The Scottish Further and Higher Education Funding Council automatically adjusts student recruitment figures on the basis of drop-out rates over the previous three years. We expect the number of people who complete the dental degree course to continue to rise. Discussions with the funding council on student recruitment in the next academic year are still continuing.
Twenty years ago, Scotland produced 159 dental graduates. The Executive expects 134 students to complete their studies next year. Therefore, the plan is to produce 25 fewer dental graduates.
People in the north east are still having to go on to a waiting list to get access to a national health service dental practice. Will the minister increase the number of funded training places to tackle the shortfall? When will he consult on the need for a new dental school to be located in Aberdeen,
I am pleased to assure Mike Rumbles that although I am sure the figures he quoted are correct, they reflect the consequences of the Conservative Government's decision to close the dental school in Edinburgh some 10 or 11 years ago. That is why there has been a reduction in the number of people qualifying from our dental schools. I am delighted to reassure him that the number is now increasing and that we expect it to continue to increase. On current plans, in 2009, 2010 and 2011, we expect once again to be producing more than 150 dental graduates a year.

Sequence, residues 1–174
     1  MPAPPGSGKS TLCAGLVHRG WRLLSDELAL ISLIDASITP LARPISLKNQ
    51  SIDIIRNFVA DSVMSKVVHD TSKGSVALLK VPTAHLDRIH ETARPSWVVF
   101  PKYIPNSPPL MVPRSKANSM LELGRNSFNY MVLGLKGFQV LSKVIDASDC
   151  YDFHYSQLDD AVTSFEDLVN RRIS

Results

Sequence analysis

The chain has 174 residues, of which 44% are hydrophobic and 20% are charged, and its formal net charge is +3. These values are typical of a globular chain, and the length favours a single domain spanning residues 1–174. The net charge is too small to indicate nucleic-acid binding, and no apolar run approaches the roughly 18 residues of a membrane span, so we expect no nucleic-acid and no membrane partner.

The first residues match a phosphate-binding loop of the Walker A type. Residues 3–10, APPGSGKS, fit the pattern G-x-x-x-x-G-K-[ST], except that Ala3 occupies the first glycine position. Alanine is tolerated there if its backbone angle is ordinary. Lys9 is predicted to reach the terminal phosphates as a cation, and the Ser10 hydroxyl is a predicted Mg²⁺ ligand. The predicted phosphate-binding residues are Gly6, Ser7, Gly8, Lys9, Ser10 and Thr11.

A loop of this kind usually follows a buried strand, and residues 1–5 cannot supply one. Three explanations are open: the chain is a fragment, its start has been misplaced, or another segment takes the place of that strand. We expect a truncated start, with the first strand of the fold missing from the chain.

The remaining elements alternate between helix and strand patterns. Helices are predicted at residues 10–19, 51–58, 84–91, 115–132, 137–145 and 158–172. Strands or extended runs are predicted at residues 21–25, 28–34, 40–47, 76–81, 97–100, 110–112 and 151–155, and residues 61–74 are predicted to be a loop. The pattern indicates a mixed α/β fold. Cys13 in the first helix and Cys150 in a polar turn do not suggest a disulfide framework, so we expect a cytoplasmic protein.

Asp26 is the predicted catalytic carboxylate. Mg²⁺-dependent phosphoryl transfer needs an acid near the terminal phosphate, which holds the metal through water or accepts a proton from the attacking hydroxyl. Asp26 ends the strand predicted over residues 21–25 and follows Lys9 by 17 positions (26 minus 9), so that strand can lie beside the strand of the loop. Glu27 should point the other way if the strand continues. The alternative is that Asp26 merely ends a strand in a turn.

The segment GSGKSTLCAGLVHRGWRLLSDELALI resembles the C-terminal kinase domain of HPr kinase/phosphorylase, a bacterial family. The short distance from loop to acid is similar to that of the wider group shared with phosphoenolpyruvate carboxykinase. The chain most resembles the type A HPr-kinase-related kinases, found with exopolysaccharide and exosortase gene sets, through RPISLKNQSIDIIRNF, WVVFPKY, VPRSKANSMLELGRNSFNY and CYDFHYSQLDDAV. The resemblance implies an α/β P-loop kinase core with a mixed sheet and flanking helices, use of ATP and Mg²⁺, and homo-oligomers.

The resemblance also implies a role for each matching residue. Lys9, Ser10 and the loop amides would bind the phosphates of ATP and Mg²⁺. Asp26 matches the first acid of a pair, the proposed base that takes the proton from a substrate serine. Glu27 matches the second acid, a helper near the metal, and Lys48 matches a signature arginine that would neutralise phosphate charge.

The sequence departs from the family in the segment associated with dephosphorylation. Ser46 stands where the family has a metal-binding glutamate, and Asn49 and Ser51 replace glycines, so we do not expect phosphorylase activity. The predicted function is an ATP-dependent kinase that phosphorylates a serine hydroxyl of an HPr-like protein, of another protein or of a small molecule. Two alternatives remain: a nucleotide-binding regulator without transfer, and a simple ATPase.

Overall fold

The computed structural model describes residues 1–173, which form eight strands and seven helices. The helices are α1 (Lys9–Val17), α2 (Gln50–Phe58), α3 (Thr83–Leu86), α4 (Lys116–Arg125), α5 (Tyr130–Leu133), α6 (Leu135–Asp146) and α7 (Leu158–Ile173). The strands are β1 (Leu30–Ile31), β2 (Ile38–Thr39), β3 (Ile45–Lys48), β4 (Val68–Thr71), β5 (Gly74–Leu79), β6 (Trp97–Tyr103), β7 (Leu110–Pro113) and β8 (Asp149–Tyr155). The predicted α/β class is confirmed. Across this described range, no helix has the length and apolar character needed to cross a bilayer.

Mr Rumbles also asked about the consultation on the provision of a new dental school. As he will know from answers to previous oral questions, the dental outreach centre at Aberdeen has been up and running for a number of months. I have given a commitment to consult, about a year from now, on extending that dental outreach centre on the basis of the experience that it has gained over those 12 months. I am confident that ministers will carry forward that consultation in accord with the commitments that have already been given.